Sure, it means they will not be dwelling for the vacations. However they’re used to it. On Christmas Day, Brunt and her colleagues will most likely carry out a modest day of labor. “I don’t miss the commercialization of Christmas,” Brunt says. “I don’t know the way we’ll have fun, however it’s laborious to do nothing on the sector. We are going to simply make an acknowledgement and have fun the place we’re with out being sentimental that we aren’t with household.”

Brunt and her colleagues started their journey in late November, flying from varied factors across the US to Christchurch, New Zealand. From there, they boarded a C-17 transport aircraft for a five-hour flight to McMurdo Station, a city of about 1,100 folks on Ross Island, Antarctica. The subsequent leg was a three-hour flight to the South Pole by way of a ski-equipped C-130.

And there, ready for the crew on the Amundsen-Scott South Pole Station, was their dwelling for the subsequent two weeks: two PistenBully snowcats pulling specifically designed sleds. The sleds are manufactured from a plastic with a density construction that considerably reduces the coefficient of friction, so 10,000 kilos will tow like 1,000. The sleds will likely be towing important stuff, like gasoline—however they may also carry absolutely set-up tents, so the researchers haven’t got to ascertain camp every single day.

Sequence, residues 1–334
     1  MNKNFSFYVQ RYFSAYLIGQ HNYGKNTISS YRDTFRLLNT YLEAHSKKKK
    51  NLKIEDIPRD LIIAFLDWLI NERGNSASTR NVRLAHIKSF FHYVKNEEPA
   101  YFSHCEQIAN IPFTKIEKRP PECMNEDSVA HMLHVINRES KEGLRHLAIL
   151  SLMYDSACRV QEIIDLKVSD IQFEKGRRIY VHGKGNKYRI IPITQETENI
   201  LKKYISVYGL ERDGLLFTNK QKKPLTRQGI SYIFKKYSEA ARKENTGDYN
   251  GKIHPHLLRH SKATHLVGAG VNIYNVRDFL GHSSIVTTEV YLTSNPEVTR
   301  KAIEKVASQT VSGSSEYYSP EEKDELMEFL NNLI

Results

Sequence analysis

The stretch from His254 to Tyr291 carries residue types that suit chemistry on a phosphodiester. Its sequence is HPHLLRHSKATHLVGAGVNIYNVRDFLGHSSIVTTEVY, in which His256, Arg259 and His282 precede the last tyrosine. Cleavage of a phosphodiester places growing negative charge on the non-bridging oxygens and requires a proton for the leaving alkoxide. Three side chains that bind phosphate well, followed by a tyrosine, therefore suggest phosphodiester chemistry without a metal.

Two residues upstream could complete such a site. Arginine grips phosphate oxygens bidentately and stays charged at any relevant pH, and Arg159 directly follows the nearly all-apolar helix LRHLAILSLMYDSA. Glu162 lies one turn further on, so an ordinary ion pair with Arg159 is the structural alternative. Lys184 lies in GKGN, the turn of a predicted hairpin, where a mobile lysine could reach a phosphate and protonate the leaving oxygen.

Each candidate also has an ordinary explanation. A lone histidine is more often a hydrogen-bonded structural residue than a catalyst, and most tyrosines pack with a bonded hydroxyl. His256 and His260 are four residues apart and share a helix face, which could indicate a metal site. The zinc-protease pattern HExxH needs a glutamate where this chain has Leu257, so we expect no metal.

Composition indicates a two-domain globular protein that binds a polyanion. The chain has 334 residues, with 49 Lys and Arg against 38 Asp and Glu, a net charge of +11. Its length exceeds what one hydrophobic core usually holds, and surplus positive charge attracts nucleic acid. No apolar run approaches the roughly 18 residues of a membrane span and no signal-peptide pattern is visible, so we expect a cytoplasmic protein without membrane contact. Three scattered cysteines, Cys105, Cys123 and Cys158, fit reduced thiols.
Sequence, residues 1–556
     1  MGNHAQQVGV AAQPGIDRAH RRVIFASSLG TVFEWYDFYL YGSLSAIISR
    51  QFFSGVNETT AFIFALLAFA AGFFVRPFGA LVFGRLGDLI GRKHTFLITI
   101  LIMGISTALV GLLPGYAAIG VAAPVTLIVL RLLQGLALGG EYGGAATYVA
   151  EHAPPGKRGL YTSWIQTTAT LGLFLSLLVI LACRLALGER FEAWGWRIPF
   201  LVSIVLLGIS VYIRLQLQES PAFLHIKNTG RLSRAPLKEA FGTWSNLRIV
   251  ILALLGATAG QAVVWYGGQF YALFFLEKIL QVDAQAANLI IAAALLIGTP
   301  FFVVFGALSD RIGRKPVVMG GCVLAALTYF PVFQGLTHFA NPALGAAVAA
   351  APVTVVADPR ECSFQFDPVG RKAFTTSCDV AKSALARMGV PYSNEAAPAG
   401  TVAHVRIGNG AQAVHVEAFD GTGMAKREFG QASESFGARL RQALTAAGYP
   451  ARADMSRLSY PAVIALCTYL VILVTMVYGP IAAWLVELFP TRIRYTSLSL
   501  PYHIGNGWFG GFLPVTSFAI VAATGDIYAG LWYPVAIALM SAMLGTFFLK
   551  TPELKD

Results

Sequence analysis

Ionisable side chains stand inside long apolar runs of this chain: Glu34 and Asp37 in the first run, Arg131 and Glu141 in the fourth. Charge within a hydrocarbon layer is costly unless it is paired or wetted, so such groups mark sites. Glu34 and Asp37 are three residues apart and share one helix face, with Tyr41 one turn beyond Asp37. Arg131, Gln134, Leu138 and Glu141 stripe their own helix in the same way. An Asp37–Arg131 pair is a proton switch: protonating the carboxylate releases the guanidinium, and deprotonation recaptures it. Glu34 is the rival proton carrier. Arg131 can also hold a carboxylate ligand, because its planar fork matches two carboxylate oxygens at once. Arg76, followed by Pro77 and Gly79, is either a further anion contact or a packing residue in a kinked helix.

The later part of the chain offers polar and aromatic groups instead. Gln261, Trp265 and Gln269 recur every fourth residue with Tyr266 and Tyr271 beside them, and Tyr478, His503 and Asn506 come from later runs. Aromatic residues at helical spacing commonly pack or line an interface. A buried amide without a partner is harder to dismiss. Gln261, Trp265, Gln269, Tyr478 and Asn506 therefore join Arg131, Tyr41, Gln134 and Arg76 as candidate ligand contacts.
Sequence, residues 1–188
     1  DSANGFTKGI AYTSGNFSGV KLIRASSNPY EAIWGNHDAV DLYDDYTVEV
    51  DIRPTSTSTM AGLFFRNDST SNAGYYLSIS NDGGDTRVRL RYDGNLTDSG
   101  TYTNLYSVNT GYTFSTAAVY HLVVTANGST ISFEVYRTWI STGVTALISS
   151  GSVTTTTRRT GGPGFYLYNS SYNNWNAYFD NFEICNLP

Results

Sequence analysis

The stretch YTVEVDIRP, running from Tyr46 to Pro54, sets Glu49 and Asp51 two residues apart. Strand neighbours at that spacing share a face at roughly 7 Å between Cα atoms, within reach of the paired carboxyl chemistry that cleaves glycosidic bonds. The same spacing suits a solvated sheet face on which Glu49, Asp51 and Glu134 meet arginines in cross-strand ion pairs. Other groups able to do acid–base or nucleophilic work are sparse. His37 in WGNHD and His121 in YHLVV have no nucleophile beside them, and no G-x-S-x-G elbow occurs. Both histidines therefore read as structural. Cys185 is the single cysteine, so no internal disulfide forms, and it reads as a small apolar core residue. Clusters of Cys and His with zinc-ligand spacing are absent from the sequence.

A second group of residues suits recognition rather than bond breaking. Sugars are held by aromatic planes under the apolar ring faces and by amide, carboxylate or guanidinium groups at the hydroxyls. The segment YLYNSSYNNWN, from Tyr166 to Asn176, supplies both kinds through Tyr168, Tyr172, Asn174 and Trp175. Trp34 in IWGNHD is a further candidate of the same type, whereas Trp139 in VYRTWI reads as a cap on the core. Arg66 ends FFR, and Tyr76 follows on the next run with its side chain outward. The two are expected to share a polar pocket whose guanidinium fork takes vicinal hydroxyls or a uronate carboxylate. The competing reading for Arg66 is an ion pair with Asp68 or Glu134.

The journey is not only a laborious one; it is doubtlessly harmful, too. The crew will doubtless keep away from the cracks and crevasses which might be typically discovered across the edges of the Antarctic continent—this time, their job is to measure the thickest level of the Antarctic ice sheet. It’s additionally much less windy on the South Pole than different locations, in line with Forrest McCarthy, a mountaineer and security information assigned to the ICESAT2 staff. However there are nonetheless loads of tools hazards. “When you consider fuels within the chilly temperature, the gasoline we use is at minus 40 levels and will result in instantaneous frostbite,” McCarthy says. “In case you spill it on your self you can be in a foul approach.” Any accident will likely be days away from medical assist or evacuation. Meaning he’s acquired to maintain everybody attentive, targeted on their work, and in a position to get alongside when issues get robust.

“Group dynamics is de facto necessary,” says McCarthy, who works as a fishing and mountain information in Wyoming and Alaska throughout the remainder of the yr. McCarthy is a self-described Grinch, however he clearly will get together with Brunt, who he is labored with since 2000. “When folks get alongside, you find yourself being extra productive. She’s acquired an excellent humorousness and extremely competent. That’s one cause I signed up for the mission.”

On Christmas, McCarthy will name his spouse again dwelling on a satphone—however he does not miss being dwelling. Every year, he feels the magnetic draw of the Antarctica’s stark magnificence. “I really like Antarctica and the tradition of exploration and science,” McCarthy says. “It is without doubt one of the final nice wildernesses on Earth.” Though even the globe’s most distant places can use a little bit of consolation. Alongside together with his security gear, additional garments and meals, McCarthy packed an Italian moka specific pot to make everybody a vacation latte.